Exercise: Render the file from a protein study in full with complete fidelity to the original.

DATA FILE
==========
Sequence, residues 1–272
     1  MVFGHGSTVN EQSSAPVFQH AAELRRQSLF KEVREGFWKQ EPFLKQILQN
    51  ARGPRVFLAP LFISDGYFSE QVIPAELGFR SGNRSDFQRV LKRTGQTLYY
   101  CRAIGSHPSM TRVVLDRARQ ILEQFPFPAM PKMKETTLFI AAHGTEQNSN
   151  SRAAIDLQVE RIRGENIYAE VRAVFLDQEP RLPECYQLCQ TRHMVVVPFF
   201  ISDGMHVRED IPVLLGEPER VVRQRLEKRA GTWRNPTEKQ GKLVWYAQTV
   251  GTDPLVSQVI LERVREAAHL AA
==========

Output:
Sequence, residues 1–272
     1  MVFGHGSTVN EQSSAPVFQH AAELRRQSLF KEVREGFWKQ EPFLKQILQN
    51  ARGPRVFLAP LFISDGYFSE QVIPAELGFR SGNRSDFQRV LKRTGQTLYY
   101  CRAIGSHPSM TRVVLDRARQ ILEQFPFPAM PKMKETTLFI AAHGTEQNSN
   151  SRAAIDLQVE RIRGENIYAE VRAVFLDQEP RLPECYQLCQ TRHMVVVPFF
   201  ISDGMHVRED IPVLLGEPER VVRQRLEKRA GTWRNPTEKQ GKLVWYAQTV
   251  GTDPLVSQVI LERVREAAHL AA